Some writers prefer “I burn”.  Either makes sense if you’ve ever sat on one.


            Tovah Martin, flower historian, notes that a cactus craze swept this country in the 1830s and again in the 1890s.  A plant that needed so little watering was as good as furniture.


            Claire Powell explains this is a serpentine cactus that shoots out little snakelike runners.

*CALAMINT   “I Wish You Well”

CALCEOLARIA   “I Will Lend You Money”

            This is also known as the Pocketbook Plant; the blossoms look kinda like purses if you squint a bit.

CALENDULA    “Anxiety”

            Richard Folkard, Jr., a nineteenth century plantlorist who disapproved of flower language, put two dictionaries of flowers in his book: one giving the true, ancient language of flowers while the other showed the modern, corrupt version.  This meaning comes from his true, ancient language.  Folkard, by the way, is the only author I’ve found prior to 1985 who mentions Calendula at all.

*CALISAYA   “Assistance”

            Callisaya cinchona is the tree from which quinine is derived.  This drug was more famous in the nineteenth century, but has not lost its usefulness to this day.

CALLA AETHIOPICA   “Magnificent Beauty”

            This is also Calla Lily, or just plain Calla.

*CALLIOPSIS   “Exultation”
CALYCANTHUS   “Benevolence”

            The plant produces extra flowers if you cut off the leaf buds.  Sarah Josepha hale thought this was benevolent.

CAMELLIA   “Unpretending Excellence”

            Starting in the 1880s, floriographers tried to differentiate between a red camellia (“Unpretending Excellence”) and a white one (“Perfect Loveliness”).  This did not spread far enough for me to consider it definitive.  As a public service, I should point out that the name of this flower is properly pronounced ca-MELL-ia, and not ca-MEE-lia.  The confusion comes from calling La Dame Aux Camellias Camille, but they aren’t supposed to be pronounced similarly.  It’s too late for me to change, but perhaps you’re younger and less set in your ways.

*CARAWAY   “Treachery”

            Caraway appears only in Fritz Klingenbeck’s Lasst Blumen Sprechen (Let Flowers Speak), published in Austria in 1944.  The Germans had Mme. De Latour in translation by 1820, and their floriographers took flower language in a separate direction.  Herr Klingenbeck’s book was the only book from this tradition I turned up during my research, and I have included him because the idea of a flower language dictionary being published in Nazi-occupied Austria struck me as symbolic of something or another.

CARDAMIME   “Paternal Error”

            Henry Phillips identifies this as the Cuckoo Flower in King Lear’s crown during his mad days, and makes in an emblem for Lear’s fatal mistakes in child-rearing.  (Of course, it would have been too simple for Lear’s Cuckoo Flower to have been just a Cuckoo Flower, which see.)

CARDINAL’S FLOWER   “Distinction”

            This lobelia gets its name the same way it gets its meaning: because it is so bright red.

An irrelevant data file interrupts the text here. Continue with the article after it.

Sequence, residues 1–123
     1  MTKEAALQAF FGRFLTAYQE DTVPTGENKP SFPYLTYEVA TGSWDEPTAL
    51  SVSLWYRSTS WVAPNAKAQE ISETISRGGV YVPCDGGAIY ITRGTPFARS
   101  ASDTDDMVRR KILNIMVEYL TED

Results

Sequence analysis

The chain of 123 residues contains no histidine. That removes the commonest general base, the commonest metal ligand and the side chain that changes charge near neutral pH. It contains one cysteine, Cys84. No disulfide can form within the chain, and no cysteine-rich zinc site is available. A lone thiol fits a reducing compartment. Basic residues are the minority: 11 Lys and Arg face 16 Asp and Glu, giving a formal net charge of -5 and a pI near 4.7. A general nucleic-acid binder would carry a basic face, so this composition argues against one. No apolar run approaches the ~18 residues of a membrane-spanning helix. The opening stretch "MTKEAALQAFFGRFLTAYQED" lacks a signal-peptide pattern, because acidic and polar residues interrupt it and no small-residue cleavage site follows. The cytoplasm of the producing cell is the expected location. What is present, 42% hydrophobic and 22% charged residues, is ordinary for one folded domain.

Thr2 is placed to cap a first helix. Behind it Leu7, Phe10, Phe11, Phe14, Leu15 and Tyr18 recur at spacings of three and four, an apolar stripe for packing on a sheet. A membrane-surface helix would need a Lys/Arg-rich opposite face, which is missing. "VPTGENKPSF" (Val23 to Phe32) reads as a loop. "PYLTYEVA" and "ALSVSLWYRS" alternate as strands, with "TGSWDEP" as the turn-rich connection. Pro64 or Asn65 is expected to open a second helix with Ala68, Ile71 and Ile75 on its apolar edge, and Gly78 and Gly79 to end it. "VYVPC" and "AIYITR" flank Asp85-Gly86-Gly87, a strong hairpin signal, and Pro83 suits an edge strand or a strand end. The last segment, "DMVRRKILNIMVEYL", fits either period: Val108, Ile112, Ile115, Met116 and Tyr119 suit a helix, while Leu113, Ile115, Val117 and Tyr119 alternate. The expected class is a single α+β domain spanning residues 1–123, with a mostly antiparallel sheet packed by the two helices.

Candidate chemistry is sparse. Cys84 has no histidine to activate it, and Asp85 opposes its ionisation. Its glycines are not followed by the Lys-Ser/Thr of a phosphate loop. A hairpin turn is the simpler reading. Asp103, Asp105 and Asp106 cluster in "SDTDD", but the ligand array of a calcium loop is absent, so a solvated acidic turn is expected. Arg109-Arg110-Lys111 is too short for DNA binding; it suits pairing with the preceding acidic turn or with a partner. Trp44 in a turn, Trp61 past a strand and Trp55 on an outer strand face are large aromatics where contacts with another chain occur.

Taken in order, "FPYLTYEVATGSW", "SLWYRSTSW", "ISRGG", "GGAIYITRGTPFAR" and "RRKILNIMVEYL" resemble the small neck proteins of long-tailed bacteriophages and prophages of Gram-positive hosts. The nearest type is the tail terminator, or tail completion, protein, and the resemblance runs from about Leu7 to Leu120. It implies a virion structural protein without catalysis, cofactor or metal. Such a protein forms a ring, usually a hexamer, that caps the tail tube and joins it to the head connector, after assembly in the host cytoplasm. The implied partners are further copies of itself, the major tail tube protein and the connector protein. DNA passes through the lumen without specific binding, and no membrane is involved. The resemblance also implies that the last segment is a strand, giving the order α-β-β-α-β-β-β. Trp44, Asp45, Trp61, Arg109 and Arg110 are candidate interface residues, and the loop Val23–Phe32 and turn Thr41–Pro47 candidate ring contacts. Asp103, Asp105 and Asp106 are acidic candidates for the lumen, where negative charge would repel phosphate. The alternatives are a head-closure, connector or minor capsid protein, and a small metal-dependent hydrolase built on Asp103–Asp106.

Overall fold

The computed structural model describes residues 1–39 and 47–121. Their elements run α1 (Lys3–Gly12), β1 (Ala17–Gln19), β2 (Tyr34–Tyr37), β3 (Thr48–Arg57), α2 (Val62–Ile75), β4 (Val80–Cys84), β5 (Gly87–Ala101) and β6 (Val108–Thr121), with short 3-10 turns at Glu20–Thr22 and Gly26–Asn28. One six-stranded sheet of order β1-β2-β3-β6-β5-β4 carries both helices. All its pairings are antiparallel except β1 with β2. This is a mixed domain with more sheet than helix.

CARNATION   “Woman’s love”

            See also PINK.  Some people claim, there was once a real difference between a carnation and a pink, but with all the gardeners crossbreeding them, there’s no point now in bothering with it.  Sure, blame the gardeners.

            I would like, at this juncture, to introduce you to Lydia H. Sigourney.  Lydia, who seems always to have written as Miss Sigourney or L.H. Sigourney, was simply the Number One Female Poet of her day.  She wrote acres of flower poems, all quoted in the better flower language books, but did not get around to writing her own flower language book until 1846.  This was about the same time she was making highly-publicized European tours, during which she was celebrated as a major American literary light.  (But you should read what her hostesses said about her after she left.)

            Her vogue passed, and she was dropped from American literary history so fast and so far that she has not recovered to this day.  All she is remembered for now are Mark Twain’s parodies of her style, particularly her way of churning out obituary verse.  I have been unable to find out what Mark Twain thought of floriography, and I admit I’d rather not now.

            Anyway, she was right there standing up for Carnations.

*CARNATION, DOUBLE   “Give Me Time for Reflection”

CARNATION, PINK   “Encouragement”

CARNATION, PURPLE   “I Have No Affection For You”

CARNATION, RED   “Alas, For My Poor Heart!”




Carnation, Striped: See PINK, STRIPED


            By the way, the Carnation is the official flower of Mother’s Day.  This does not, apparently, mean that you give Mom carnations.  (That’s what Mums are for, I guess.)  You wear one to show that you are aware you had a mother.  A white carnation indicates that your mother is still living, while a red one shows that she has passed to where you can no longer borrow money from her.

Carnation, Yellow: see PINK, YELLOW

            A yellow pink?  That’s worse than West North Avenue.